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Publication numberUS5726650 A
Publication typeGrant
Application numberUS 08/479,613
Publication dateMar 10, 1998
Filing dateJun 7, 1995
Priority dateJun 7, 1995
Fee statusPaid
Publication number08479613, 479613, US 5726650 A, US 5726650A, US-A-5726650, US5726650 A, US5726650A
InventorsCharles W. K. Yeoh, Bambang Gunadi, Hiok Nam Tay
Original AssigneeSilicon Systems, Inc.
Export CitationBiBTeX, EndNote, RefMan
External Links: USPTO, USPTO Assignment, Espacenet
Adaptive manchester decoding with adjustable delay and power saving mode
US 5726650 A
Abstract
A method and apparatus for recovering clock and data signals from a Manchester code is provided. The present invention uses a phase lock loop with a digital delay line wherein an adjustable delay is introduced into the Manchester coded signal for synchronizing the coded signal with the local clock of the decoding apparatus. This delaying technique enables the present invention to successfully receive Manchester coded signals having substantial jitter. The present invention also conserves energy by reducing power consumption when no signals are present.
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Claims(20)
We claim:
1. A method for decoding a Manchester coded signal comprising the steps of:
tracking jitter in said Manchester coded signal;
introducing an adjustable delay in said Manchester coded signal;
adjusting said adjustable delay to synchronize said Manchester coded signal with a clock signal.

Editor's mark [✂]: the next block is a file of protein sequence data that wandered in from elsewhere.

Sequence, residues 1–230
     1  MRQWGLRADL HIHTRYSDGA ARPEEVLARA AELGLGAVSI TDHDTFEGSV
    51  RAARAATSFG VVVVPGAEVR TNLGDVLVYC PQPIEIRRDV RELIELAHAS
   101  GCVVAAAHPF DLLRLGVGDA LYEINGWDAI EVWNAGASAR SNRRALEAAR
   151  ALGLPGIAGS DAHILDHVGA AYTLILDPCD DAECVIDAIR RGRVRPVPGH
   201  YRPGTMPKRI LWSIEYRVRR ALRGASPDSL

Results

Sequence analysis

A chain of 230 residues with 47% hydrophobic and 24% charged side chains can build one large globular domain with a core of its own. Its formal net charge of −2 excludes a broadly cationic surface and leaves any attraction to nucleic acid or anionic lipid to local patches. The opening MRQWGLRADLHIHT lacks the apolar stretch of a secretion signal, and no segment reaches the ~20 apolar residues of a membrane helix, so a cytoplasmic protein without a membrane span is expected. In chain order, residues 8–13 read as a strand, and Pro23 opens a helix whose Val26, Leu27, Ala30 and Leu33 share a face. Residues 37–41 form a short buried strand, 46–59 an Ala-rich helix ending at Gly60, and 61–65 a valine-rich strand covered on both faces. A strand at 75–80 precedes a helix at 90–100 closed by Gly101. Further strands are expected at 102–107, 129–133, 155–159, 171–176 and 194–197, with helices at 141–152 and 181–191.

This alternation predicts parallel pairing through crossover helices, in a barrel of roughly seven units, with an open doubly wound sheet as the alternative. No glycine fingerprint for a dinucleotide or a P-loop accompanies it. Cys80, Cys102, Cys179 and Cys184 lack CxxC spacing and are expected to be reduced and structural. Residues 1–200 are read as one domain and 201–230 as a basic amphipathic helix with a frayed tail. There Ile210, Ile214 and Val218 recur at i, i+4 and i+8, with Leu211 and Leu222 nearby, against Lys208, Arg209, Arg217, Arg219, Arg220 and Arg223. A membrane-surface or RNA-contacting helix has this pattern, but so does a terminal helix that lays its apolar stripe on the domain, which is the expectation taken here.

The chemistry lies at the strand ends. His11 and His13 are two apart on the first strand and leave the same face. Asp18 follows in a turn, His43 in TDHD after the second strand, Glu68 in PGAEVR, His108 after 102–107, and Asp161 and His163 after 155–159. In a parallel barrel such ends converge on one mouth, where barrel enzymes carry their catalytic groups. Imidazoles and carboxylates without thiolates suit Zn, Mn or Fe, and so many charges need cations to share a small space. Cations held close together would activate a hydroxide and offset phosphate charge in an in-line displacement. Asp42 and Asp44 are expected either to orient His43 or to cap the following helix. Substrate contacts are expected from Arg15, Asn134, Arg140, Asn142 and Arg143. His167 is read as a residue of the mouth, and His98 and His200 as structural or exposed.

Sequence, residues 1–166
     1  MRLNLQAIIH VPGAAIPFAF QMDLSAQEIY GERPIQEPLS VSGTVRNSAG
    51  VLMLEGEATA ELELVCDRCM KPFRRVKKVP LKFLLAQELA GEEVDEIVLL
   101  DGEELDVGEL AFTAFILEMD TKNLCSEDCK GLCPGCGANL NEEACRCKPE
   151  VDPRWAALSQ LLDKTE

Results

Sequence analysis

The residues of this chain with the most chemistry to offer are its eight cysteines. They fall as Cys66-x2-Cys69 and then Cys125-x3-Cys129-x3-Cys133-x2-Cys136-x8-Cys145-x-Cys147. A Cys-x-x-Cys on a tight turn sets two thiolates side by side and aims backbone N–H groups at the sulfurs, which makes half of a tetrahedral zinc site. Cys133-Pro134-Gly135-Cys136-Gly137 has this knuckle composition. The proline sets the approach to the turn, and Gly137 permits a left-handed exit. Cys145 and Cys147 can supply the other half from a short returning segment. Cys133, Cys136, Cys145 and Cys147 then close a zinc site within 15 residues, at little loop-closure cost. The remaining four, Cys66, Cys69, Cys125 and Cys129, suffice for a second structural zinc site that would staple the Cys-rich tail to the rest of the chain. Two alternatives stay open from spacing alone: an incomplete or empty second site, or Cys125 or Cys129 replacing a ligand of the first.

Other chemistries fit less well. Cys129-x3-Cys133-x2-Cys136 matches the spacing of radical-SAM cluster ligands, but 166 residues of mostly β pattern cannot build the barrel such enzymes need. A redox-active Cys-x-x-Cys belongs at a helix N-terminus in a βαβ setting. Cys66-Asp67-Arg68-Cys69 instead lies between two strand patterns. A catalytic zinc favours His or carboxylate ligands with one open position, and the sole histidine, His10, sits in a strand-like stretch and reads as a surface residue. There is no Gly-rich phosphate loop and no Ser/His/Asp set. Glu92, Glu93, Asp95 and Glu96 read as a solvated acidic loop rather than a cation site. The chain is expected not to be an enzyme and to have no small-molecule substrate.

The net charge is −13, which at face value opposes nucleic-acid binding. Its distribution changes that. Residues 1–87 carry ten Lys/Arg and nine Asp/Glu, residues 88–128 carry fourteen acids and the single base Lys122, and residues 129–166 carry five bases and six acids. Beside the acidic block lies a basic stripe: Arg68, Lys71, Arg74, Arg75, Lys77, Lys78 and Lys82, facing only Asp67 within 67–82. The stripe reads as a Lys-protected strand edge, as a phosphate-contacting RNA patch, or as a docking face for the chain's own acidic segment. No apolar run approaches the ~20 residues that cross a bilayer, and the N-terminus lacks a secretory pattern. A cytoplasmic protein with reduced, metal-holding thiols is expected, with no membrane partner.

2. The method of claim 1 further comprising the steps of:
detecting a presence of said Manchester coded signal;
entering a powerup mode upon said presence;
detecting an absence of said Manchester coded signal;
entering a powerdown mode upon said absence.
3. The method of claim 1 further comprising the steps of:
detecting a presence of said Manchester coded signal;
entering a powerup mode upon said presence;
comparing a destination address recovered from said Manchester coded signal to a pre-defined address qualification;
detecting a mismatch between said destination address and said predefined address qualification;
entering a powerdown mode after said mismatch is detected.
4. The method of claim 1 wherein said step of tracking jitter in said Manchester coded signal further comprises the steps of:
tracking positive-going transitions;
tracking negative-going transitions;
tracking an average of said positive-going transitions and said negative-going transitions.
5. The method of claim 1 wherein said step of introducing said delay in said Manchester coded signal to synchronize said Manchester coded signal with said clock signal further comprises the steps
adjusting a phase of said clock signal so as to provide phase slip correction.
6. A circuit for decoding a Manchester coded signal comprising:
a logic block for detecting jitter in said Manchester coded signal;
a delay unit block for introducing an adjustable delay in said Manchester coded signal;
said logic block further comprising a four phase clock for providing adjustment of said adjustable delay relative to a clock signal of said four phase clock.
7. The circuit of claim 6 further comprising:
a mode control block for disabling a Manchester decoder clock signal in an absence of said Manchester coded signal.
8. The circuit of claim 6 wherein said delay unit block comprises:
a first counter for tracking positive-going transitions;
a second counter for tracking negative-going transitions;
a third counter for counting an average of said positive-going transitions and said negative-going transitions.
9. The circuit of claim 6 wherein said jitter may exceed 18 nanoseconds.
10. A method for recovery Manchester coded signals comprising the steps of:
indicating a presence of an incoming Manchester coded signal;
activating a Manchester decoder in response to said presence;
introducing delay in said Manchester coded signal;
deriving an address from said Manchester coded signal;
comparing an address derived from said Manchester coded signal to an address qualification;